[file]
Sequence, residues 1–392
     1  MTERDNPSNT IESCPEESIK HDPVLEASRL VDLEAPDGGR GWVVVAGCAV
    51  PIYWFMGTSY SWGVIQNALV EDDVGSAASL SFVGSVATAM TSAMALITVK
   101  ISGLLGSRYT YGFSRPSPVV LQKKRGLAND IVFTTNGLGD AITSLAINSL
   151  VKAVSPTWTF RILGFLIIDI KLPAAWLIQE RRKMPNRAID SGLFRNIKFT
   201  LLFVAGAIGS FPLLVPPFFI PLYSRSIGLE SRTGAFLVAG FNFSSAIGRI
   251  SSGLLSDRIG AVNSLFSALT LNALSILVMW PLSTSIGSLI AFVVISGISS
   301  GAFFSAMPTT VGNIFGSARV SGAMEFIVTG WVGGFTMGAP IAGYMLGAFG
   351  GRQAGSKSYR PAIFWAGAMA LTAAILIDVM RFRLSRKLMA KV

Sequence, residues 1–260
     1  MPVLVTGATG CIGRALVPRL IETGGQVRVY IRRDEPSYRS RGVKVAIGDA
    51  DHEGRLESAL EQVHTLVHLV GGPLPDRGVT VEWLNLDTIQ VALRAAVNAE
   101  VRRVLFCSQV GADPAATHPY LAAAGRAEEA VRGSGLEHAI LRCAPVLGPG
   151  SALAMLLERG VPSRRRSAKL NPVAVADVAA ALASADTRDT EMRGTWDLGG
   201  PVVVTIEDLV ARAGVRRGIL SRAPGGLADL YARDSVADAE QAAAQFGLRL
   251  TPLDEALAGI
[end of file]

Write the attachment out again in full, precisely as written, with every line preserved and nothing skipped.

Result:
Sequence, residues 1–392
     1  MTERDNPSNT IESCPEESIK HDPVLEASRL VDLEAPDGGR GWVVVAGCAV
    51  PIYWFMGTSY SWGVIQNALV EDDVGSAASL SFVGSVATAM TSAMALITVK
   101  ISGLLGSRYT YGFSRPSPVV LQKKRGLAND IVFTTNGLGD AITSLAINSL
   151  VKAVSPTWTF RILGFLIIDI KLPAAWLIQE RRKMPNRAID SGLFRNIKFT
   201  LLFVAGAIGS FPLLVPPFFI PLYSRSIGLE SRTGAFLVAG FNFSSAIGRI
   251  SSGLLSDRIG AVNSLFSALT LNALSILVMW PLSTSIGSLI AFVVISGISS
   301  GAFFSAMPTT VGNIFGSARV SGAMEFIVTG WVGGFTMGAP IAGYMLGAFG
   351  GRQAGSKSYR PAIFWAGAMA LTAAILIDVM RFRLSRKLMA KV

Sequence, residues 1–260
     1  MPVLVTGATG CIGRALVPRL IETGGQVRVY IRRDEPSYRS RGVKVAIGDA
    51  DHEGRLESAL EQVHTLVHLV GGPLPDRGVT VEWLNLDTIQ VALRAAVNAE
   101  VRRVLFCSQV GADPAATHPY LAAAGRAEEA VRGSGLEHAI LRCAPVLGPG
   151  SALAMLLERG VPSRRRSAKL NPVAVADVAA ALASADTRDT EMRGTWDLGG
   201  PVVVTIEDLV ARAGVRRGIL SRAPGGLADL YARDSVADAE QAAAQFGLRL
   251  TPLDEALAGI